One of the things that Fitzchak is working on right now is the RavenDB in Practice series. During the series, he run into an issue with RavenDB failing if the configured port is already taken. Since by default we use 8080, it wasn’t very surprising that on his machine, the 8080 port was already taken. Because he run into this problem, he set out to document how to fix this issue if you run into it.
My approach was different, I don’t like documenting things. More to the point, documenting a problem is a last ditch effort, something that you do only if you have no other choice. It is usually much easier to figure out a way to solve the problem. In the case of RavenDB and the busy port, we start out at port 8080, and if it is busy, we find another port that is open that we can use. That means that the initial experience is much easier, since you can immediately make use of the database without dealing with how to change the port it is listening on.
Nitpicker corner: this feature kicks in only if you have explicitly stated that you wanted it in the configuration. This is part of the default config for RavenDB, and is meant for the initial process only. It is not recommended for production use.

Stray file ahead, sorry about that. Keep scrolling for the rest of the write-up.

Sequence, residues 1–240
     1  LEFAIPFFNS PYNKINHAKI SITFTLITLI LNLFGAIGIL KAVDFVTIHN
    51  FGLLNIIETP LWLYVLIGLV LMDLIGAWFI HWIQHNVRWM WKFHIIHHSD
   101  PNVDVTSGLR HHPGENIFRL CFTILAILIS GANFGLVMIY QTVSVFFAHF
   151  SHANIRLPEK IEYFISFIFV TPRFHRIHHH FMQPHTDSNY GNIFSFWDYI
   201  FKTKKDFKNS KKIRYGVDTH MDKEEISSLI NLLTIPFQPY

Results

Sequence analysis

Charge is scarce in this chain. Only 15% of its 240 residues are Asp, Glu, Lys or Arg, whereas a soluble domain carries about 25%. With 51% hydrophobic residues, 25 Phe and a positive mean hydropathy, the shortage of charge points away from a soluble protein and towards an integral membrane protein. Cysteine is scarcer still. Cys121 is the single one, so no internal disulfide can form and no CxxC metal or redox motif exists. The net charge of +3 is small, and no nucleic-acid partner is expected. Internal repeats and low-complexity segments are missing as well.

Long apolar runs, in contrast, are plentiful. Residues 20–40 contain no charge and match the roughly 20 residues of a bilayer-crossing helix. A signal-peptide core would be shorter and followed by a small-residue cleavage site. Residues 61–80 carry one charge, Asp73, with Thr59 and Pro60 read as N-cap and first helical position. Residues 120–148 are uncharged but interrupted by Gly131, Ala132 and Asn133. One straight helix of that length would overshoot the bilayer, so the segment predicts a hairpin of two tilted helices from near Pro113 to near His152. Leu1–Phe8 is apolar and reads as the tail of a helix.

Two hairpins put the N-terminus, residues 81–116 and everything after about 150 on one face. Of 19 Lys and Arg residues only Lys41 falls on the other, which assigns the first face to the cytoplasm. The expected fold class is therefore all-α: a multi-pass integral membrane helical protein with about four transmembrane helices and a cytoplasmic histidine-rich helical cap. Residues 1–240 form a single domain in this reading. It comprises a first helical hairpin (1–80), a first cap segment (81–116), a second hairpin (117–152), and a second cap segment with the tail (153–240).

Why is it so much better in code than in the documentation? Surely it takes a lot less time to explain how to modify an App.config value than write the code for auto detecting an open port and binding to it… and you need to document the behavior anyway…
The answer is that it saves on support and increase success rate. The saves on support are pretty obvious. If it works Out Of The Box, everyone is happy. But what is this Success Rate that I am talking about?
Unless you are someone like Oracle, you have a very narrow window of time when a user is willing to try whatever it is that you are providing. And you had better make that window of time a Success Story, rather than “Reading the Known Issues” document.